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    Harry Potter Ramifications

    The Harry Potter Generation is still as enthralled with the series as they ever were. With many moral messages included in the book, could you make the argument that they really taught their readers something? Consider the backlash when "The Cursed Child" cast a black actress to play Hermione. Can any connections be made between Death Eaters and Extremist Right-Wing political groups? Are there links between the Harry Potter Generation and the left-leaning Millennial generation?

    • This is a very interesting topic, and one that seems especially big in its scope. It might prove to be quite difficult to show the connections between "Harry Potter" and the political attitudes of the majority of its readers. I'm not sure whether you could find any surveys related to such, but this would certainly require a lot of background research. In addition to finding research to support your claims, you would have to point to the presence of such ideas within the literature itself. Another thing to consider would be whether "Harry Potter" had a hand in creating the progressive generation or whether its success was merely symptomatic of the generation's already-present political attitudes. – Farrow 8 years ago
    • I wonder if J.K. Rowling would even answer something like that on Twitter. It would certainly be an intriguing question to ask. Maybe it would help the writer of this topic to look at her life and education and try to connect not just the plot and characters to our life, but her life, as well. – Jaye Freeland 8 years ago
    • There's many topic possibilites here. Focusing on the Harry Potter Generation could be a good foundation. As far as paralleling or contrasting it with the left-leaning Millennial generation, consider at least 3 specific topics or points to express the ramifications. Examples could include faithfulness in friendships, culture of British teens in HP and those of America, forced vs. independent interest in school (using Hermoine's passion, or Harry's interest in potion from "Half Blood Prince" or even Lovegood and the dead), civil rights interests, sacrifice, etc.) The examples are endless. – margorose 8 years ago
    • I think Rowling said at one point some comparison between Death Eaters and Nazis, so maybe pointing to that may help the point when going for moral compass of Harry Potter. – SpectreWriter 8 years ago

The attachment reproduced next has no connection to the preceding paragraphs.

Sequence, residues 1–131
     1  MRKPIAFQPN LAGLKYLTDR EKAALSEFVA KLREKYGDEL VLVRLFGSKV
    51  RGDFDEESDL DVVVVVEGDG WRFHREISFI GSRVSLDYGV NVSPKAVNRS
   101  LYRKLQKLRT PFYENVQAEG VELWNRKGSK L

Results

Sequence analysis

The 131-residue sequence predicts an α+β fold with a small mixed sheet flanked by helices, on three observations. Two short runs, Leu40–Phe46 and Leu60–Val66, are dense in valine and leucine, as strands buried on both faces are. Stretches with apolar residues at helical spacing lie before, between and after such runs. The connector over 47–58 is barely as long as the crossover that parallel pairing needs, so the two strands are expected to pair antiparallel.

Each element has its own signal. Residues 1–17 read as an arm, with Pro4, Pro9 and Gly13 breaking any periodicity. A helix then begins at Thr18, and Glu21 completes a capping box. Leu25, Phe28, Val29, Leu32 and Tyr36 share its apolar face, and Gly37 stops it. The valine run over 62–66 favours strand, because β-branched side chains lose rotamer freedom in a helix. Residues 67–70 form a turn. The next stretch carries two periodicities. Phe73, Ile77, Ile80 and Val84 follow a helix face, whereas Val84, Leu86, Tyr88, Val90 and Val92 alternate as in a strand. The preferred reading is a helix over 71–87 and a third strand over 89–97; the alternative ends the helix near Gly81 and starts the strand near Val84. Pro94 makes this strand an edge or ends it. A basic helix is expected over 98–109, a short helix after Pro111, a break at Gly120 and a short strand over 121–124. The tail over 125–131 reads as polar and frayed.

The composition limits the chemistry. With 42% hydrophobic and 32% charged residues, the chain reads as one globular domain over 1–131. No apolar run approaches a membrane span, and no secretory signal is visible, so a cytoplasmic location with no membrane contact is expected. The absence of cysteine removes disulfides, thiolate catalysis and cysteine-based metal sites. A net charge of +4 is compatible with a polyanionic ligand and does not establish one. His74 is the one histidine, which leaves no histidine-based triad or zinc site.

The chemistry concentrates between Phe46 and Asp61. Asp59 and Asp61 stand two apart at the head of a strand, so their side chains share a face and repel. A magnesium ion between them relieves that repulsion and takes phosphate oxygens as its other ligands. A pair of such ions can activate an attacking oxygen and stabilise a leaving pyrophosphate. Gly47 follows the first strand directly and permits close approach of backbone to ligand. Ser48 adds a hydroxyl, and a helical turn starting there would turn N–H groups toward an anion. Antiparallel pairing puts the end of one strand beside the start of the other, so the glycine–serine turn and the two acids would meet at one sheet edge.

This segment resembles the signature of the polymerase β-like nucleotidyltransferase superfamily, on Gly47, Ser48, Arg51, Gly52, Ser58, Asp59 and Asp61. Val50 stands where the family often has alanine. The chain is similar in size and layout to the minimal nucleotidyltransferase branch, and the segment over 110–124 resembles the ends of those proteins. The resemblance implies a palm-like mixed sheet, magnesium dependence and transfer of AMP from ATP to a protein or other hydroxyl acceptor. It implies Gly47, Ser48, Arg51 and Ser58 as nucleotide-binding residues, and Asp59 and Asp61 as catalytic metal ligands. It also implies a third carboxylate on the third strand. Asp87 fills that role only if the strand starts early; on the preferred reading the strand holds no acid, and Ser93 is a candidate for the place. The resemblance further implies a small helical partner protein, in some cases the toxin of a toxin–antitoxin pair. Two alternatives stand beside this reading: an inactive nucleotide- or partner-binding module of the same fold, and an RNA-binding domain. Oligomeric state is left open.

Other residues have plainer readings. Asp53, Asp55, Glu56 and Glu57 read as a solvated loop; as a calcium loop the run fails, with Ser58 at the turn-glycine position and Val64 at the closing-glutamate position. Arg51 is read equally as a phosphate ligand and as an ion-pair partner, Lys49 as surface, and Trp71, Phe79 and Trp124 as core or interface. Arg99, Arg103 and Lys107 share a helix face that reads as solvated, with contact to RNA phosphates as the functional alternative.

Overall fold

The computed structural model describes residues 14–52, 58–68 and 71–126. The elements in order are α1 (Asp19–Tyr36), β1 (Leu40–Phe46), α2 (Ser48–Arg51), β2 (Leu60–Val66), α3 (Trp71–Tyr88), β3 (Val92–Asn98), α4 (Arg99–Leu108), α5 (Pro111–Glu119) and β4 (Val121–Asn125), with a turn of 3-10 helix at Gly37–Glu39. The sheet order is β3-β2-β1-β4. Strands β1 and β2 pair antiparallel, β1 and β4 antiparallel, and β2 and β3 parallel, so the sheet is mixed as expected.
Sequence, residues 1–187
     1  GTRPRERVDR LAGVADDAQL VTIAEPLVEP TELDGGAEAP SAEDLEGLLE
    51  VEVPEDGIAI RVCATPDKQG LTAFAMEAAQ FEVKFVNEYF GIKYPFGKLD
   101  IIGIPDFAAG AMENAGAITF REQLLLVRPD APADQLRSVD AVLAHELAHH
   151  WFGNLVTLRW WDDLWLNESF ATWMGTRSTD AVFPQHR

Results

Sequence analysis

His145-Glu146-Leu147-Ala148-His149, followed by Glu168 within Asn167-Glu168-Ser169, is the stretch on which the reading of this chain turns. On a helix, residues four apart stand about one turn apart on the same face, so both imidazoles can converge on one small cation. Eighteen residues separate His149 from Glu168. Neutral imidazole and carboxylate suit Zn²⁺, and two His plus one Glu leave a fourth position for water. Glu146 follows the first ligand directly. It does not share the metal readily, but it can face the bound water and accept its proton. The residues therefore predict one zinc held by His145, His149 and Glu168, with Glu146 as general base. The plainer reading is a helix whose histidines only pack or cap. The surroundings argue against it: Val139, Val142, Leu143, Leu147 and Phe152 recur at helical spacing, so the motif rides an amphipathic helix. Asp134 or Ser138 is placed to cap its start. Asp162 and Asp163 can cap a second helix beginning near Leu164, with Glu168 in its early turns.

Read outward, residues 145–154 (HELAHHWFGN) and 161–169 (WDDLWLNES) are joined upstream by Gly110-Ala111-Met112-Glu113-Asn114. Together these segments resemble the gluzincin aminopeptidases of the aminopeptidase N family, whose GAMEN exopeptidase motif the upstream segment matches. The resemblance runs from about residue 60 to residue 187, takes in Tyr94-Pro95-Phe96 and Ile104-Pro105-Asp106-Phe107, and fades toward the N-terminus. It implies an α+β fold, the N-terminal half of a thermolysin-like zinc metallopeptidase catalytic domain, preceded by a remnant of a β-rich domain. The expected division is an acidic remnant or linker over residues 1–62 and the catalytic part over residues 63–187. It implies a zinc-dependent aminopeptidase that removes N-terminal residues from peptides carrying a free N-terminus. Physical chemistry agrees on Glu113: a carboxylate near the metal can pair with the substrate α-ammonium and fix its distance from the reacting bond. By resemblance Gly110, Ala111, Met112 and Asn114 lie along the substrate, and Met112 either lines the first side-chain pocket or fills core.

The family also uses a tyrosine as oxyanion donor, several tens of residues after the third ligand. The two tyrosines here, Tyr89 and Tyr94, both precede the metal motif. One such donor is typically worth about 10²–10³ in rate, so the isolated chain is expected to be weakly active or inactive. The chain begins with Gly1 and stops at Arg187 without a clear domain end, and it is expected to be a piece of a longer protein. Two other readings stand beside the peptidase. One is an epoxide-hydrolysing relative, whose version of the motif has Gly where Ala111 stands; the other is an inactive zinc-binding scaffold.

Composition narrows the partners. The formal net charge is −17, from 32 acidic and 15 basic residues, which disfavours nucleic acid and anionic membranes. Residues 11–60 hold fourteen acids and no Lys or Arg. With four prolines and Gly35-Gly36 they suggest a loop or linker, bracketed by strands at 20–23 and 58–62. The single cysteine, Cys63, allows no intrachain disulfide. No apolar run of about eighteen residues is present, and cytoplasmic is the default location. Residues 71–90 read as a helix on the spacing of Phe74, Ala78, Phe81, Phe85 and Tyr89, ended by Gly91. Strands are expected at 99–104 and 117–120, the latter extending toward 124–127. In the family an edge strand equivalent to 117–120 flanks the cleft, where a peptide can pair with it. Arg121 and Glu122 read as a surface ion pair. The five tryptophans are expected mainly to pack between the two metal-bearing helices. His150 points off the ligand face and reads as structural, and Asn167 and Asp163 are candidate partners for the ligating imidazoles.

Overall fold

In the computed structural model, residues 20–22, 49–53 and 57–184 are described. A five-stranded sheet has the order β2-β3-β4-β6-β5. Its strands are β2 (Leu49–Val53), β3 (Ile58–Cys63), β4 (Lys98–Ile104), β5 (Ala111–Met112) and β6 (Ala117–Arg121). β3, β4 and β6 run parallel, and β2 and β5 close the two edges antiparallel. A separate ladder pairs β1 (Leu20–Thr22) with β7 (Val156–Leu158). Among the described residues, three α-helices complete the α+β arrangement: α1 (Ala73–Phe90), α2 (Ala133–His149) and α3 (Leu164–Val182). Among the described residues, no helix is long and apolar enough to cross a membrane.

• Can you be more specific about what generation is the "Harry Potter generation"? Do you mean the first generation that grew up with the books? (as an example - someone who was around HP's age when the books were published would be people in their early 30s now?) – Katheryn 8 years ago

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    Latest Comments

    While I agree that these definitions given to women should be addressed, I think this article inadvertently does the same thing to women that society does to beauty standards. It still placed all women into a category, held up makeup to an unreasonable standard, and largely failed to give women credit for being able to choose whatever they want to do with makeup. I think the discussion should be not “what should we think of makeup” and more “why does this matter?” What makes young women think they way they do about makeup, and what can we do, together, to improve self-image.

    The Feminist Makeup Culture: Reconsidering Cosmetics

    I agree with many of the comments that telling jokes doesn’t lead to a logical conclusion that they are any less serious about the facts. I disagree that shows like these steer away from “sad” stories; often this is where these stories get a well-deserving amount of coverage. I also have trouble with the assumption that “real” news sources are unbiased. They are incredibly biased towards stories featuring violence, crime, and suffering, because these are the stories that drive up viewership. The fact that The Daily Show and others have found a way to present these stories with a degree of humor is admirable.

    Real or Reel? The Complicated Personas of Political Comedians

    I think the question itself is problematic. The same fear that writers and readers had in the Victorian era regarding the novel as “low art” is the same fear that writers and readers have now of other types of writing. The expansion of other forms of writing, or sub-genres of the novel does not cheapen the novel.
    Literary critics did the same thing during the 1970s and 80s. They felt threatened when theory (feminist, formalist, etc) began to be applied to other forms of art they deemed unworthy. But, critically thinking about how theory can be applied to pop culture, soap operas, music, etc does not mean that it lowers the art forms traditionally privileged.
    The evaluation of art is a worthy endeavor, not simply the art itself. The critical thought and reflection should be held up as important and meaningful, the evaluation is the goal, not the classification of writing.

    Is the Novel Dead?